Dobbins: Thomas’, wife’s texts give Americans another reason to lose faith in the Supreme Court

Chloe Dobbins, Staff Writer

On Jan. 6 last year, thousands of Trump supporters stormed the U.S. Capitol after the former president falsely claimed Democrats had stolen the election from him. This type of riot was unprecedented in American history, and it ended with the death of one of the rioters and more than 100 police officers being injured. Within seven months, four more officers who had been at the riot committed suicide. 

As investigations regarding the Capitol riots continue, we can all rest well with the knowledge that the spouse of a Supreme Court justice agreed with conspiracy theories claiming President Joe Biden somehow stole the 2020 election from Trump.

The wife of Justice Clarence Thomas, Ginni Thomas, sent a grand total of 29 texts to the then-White House Chief of Staff Mark Meadows urging him to keep Trump from conceding the election. It gets worse — Thomas acknowledged attending the Jan. 6 rally, though she says she was not present at the riot. Regardless of whether his wife’s beliefs impact Thomas’s own, they certainly give the appearance of partiality, giving Americans reason to doubt the Supreme Court if he does not recuse himself from future cases involving the Capitol riot. 

The general consensus among legal experts is that a justice’s spouse’s beliefs do not reflect the justice’s own beliefs; however, the issue with Thomas and his wife presents a special case. Thomas has already taken a unique stance on a Capitol riot case compared to the rest of the court in the past. In January, Trump requested documents be blocked from being sent to a House of Representatives committee investigating the riot. Every Supreme Court justice but Thomas voted to reject his request. Furthermore, in light of Ginni Thomas’s texts surfacing, several court ethics experts have pointed out that though her texts were not part of the disputed documents, they still implicated her as being part of a campaign to overturn the 2020 election.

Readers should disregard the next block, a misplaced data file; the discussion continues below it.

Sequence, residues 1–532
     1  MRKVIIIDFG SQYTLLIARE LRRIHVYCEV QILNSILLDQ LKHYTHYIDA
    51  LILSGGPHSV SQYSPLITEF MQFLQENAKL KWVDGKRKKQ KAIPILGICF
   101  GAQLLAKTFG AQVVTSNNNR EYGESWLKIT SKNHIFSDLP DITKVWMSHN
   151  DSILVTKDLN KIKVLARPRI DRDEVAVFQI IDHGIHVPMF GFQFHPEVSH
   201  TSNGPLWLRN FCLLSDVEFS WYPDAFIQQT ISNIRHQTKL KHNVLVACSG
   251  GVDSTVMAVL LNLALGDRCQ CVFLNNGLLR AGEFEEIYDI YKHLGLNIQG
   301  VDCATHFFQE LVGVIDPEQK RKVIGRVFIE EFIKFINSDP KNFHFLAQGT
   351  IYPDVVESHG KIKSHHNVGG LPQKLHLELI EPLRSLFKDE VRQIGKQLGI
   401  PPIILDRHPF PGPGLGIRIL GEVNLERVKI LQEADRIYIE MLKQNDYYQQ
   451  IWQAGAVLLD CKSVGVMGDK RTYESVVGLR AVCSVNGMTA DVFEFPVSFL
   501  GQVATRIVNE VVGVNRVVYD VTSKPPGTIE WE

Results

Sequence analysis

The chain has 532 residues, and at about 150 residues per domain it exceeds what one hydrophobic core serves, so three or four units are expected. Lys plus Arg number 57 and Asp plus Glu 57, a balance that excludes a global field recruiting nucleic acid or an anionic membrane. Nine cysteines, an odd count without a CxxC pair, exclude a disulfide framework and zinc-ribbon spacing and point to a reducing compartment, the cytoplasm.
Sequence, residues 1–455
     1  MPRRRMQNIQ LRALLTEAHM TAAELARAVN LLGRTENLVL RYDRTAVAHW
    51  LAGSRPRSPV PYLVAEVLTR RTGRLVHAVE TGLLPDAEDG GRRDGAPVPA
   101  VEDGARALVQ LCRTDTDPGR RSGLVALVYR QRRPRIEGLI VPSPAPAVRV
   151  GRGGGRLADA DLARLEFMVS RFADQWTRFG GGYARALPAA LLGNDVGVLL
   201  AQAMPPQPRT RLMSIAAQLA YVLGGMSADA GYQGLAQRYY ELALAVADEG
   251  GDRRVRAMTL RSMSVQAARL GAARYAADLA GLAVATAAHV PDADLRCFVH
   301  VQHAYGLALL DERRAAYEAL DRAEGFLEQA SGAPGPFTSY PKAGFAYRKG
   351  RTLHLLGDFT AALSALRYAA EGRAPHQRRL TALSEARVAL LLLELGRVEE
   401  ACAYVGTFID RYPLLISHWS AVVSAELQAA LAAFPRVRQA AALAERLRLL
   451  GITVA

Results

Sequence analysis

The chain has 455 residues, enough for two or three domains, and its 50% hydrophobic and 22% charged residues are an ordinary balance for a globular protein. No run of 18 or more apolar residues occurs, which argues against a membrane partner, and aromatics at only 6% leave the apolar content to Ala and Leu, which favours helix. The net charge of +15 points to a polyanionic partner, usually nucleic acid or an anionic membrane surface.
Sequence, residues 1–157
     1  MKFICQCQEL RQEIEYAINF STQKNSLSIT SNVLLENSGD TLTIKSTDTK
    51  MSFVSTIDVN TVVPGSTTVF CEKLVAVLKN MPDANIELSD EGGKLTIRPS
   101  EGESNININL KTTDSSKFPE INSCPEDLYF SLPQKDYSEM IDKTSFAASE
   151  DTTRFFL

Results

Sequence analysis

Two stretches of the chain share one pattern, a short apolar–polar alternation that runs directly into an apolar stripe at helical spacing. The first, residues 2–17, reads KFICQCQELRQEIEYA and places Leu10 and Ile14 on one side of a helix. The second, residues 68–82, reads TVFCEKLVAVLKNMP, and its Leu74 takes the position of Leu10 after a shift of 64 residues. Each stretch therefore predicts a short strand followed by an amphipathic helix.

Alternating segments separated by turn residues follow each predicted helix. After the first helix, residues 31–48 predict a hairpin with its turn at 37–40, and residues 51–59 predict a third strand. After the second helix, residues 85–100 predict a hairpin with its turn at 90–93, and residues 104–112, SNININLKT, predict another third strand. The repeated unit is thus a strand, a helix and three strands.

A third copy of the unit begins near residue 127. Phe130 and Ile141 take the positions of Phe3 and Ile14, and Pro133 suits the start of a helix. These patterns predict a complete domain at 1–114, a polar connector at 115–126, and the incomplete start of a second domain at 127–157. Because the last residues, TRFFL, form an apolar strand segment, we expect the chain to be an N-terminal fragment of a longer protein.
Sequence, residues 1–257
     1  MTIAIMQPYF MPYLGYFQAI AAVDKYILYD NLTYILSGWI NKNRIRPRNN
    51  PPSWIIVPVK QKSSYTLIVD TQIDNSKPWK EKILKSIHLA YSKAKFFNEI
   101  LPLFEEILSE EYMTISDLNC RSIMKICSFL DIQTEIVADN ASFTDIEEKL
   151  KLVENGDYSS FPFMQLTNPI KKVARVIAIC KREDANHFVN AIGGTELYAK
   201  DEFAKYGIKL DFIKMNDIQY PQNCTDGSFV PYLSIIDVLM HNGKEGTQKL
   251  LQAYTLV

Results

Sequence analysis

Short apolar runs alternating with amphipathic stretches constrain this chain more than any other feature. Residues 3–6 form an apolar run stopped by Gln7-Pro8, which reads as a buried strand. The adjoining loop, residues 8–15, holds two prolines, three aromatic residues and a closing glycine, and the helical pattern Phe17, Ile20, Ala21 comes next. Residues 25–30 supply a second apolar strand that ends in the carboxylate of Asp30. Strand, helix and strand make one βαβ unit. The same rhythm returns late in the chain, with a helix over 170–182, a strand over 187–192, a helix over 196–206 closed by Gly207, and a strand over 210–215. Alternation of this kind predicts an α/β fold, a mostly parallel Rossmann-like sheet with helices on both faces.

Basically, Thomas’s impartiality is not looking great at the moment; however, the funny thing about being a Supreme Court justice is only you get to choose when you have to recuse. Sure, there is the Code of Conduct for Federal Judges, but Supreme Court justices are not compelled to follow it. If a justice has been behaving particularly badly, they can be impeached, but this has only happened once in history back in 1805. The justice, Samuel Chase, was acquitted. 

This controversy truly could not have arrived at a worse time for the Supreme Court. In 2021, the Supreme Court’s approval rate among Americans was down to 40%, the lowest it has been in a few decades. In addition, the appointment of Justice Amy Coney Barrett — the last justice Trump appointed during his presidency — has the lowest net approval among Americans in three decades. The only people who can truly hold the Supreme Court accountable are the justices themselves. If Thomas cannot even admit he has a conflict of interest, there is no reason for Americans’ approval of the Supreme Court to rise.